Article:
A Pocket of Resistance: A World of Difference

This appeared in the old version of this site earlier this summer. We were visiting our nephew, niece and her family in Boston in June. Kate and Conor Hansen, Zack Jewell, and Kate and Conor’s remarkable children Leo and Oona, took us on a cook’s tour of Boston on Sunday, and then Monday, Kate took us on a tour of Concord, Lexington, etc. along the trail of Revolutionary War battles. I continue to try and refill the archives of the website. It is good for me in many ways to revisit these writings.

a world of difference, it was; it was
almost surreal
after san diego june gloom
where the flowers and the water
threatened to go away
against the tan and brown backdrop
of high desert,
benign from the japanese current,
to be thrust into the heart of our history,
independence and all,
literature and all;
guests of our niece, nephew, family,
we roamed boston, concord, lexington,
where revere cast off for his famous ride
preserved by a plaque besides
twenty feet of railroad track going nowhere;
the ship constitution lay in drydock nearby,
wood, oak wood begat “ole ironsides”
naval history
with people climbing the brow,
stomping around the main deck
wondering about the belaying pins’ purpose
in the heat of oncoming summer;
then the day of departure
when new england rain brought real cool,
not the southwest corner imitation cool,
as our niece, appropriately Kate,
drove us by concord
where the battle for real freedom began,
the battle road
where they skirmished into boston town,
lexington with the house on the edge of the green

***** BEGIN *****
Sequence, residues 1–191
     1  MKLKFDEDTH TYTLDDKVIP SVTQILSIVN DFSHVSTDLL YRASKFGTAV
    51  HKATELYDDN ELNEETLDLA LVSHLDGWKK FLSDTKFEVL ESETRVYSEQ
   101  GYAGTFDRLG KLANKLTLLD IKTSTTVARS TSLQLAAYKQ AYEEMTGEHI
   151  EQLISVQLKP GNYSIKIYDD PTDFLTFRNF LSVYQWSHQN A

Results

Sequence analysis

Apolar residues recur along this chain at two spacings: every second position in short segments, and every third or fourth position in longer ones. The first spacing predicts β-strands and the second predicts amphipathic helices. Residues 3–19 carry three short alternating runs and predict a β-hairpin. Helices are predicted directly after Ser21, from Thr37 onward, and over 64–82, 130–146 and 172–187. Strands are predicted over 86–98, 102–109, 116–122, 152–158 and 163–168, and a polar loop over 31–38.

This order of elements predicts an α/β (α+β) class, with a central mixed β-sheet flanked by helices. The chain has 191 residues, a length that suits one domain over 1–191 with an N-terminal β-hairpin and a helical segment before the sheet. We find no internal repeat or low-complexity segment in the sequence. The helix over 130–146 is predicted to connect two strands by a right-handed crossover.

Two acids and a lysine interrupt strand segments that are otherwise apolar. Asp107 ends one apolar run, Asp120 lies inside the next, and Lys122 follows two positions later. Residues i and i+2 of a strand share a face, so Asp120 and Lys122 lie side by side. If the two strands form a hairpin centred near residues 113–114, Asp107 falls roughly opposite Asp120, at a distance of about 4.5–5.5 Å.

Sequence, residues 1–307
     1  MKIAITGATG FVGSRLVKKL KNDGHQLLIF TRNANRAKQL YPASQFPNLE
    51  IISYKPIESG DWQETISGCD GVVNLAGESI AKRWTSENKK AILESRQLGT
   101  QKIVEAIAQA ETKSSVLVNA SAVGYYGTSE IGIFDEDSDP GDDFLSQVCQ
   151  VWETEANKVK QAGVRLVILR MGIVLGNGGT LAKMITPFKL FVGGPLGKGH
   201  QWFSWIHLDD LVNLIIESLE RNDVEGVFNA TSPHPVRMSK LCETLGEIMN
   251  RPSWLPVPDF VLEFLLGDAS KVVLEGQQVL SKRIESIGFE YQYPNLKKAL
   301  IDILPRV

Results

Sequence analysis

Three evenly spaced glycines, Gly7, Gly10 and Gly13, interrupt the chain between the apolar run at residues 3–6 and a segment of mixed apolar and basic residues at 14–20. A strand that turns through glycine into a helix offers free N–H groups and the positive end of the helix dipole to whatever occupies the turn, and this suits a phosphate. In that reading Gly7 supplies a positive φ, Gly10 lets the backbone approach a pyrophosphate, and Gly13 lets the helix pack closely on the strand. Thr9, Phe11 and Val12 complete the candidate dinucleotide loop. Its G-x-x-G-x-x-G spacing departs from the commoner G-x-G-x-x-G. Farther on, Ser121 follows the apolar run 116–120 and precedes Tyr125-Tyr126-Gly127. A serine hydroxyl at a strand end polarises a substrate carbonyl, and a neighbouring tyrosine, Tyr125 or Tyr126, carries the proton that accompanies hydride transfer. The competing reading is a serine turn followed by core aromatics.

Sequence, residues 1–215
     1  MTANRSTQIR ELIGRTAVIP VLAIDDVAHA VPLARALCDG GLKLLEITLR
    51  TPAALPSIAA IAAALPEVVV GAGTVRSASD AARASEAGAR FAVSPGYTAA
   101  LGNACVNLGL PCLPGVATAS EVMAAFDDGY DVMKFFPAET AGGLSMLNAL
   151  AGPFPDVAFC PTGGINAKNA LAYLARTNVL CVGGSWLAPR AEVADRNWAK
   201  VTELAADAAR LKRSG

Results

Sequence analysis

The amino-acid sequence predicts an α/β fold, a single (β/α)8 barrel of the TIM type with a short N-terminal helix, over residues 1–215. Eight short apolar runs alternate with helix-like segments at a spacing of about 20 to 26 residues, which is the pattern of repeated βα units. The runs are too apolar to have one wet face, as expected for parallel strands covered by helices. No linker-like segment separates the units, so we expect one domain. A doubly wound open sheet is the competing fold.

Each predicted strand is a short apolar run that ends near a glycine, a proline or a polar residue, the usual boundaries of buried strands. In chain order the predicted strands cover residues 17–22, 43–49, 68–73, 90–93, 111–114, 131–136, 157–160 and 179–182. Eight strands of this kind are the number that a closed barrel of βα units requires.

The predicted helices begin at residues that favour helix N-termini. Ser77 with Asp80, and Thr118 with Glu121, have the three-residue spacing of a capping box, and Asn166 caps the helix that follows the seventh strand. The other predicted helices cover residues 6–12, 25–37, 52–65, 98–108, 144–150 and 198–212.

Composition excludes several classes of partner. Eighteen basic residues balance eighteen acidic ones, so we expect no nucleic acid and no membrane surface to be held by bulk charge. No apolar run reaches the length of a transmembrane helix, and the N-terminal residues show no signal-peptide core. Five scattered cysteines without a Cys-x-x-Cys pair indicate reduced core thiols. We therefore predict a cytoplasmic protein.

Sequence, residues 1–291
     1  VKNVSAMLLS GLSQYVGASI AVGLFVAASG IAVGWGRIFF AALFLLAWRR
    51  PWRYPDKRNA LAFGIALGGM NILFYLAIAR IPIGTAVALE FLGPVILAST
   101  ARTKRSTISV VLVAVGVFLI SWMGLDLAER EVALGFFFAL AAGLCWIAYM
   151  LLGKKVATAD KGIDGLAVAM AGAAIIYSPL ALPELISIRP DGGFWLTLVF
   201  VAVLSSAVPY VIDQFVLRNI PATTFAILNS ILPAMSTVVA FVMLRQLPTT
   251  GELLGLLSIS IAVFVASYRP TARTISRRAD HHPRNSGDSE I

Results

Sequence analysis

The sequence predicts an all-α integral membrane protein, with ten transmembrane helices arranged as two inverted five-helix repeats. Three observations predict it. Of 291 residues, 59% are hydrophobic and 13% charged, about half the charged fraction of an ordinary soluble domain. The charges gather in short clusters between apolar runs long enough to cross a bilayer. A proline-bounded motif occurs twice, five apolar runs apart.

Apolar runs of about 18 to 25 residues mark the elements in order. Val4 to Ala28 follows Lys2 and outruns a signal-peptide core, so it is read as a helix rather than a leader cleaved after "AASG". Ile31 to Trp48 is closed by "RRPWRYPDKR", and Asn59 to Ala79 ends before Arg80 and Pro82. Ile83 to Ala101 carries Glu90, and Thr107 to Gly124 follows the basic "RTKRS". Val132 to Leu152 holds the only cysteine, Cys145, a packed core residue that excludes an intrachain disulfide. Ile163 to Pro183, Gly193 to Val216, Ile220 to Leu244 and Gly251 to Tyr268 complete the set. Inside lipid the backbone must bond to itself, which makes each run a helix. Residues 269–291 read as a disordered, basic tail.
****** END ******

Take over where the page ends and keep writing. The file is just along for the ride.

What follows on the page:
where the young patriot crawled
upon the porch to die
for me;
emerson’s house; thoreau’s walden pond;
alcott’s house, the one with the little women;
hawthorne’s old manse before the one
in salem with seven gables
screaming literature,
the stuff of my dreams;
tourists, families, school groups
walking the paths where the fight for freedom
began near two and a half centuries ago,
crossing the transoms, wandering around the homes
where american lit began living
on parchment with quill pens
and
i wondered as we drove past
the asphalt parking lots
with the people pouring out of
cars and buses heading
to the paths and transoms
if they would get a sense of all that history
for
i rode without word in the back seat,
awed by the significance of it all,
simultaneously feeling
i was trespassing
on the privacy of
paul the silversmith,
of iron sailors on
the wooden ship nicknamed ironsides,
of minutemen who died for us,
of literati in their homes
and
wished, oh i wished
we all could have a moment of
silence, respect
for the beginning of our past
without
tromping on it.

 

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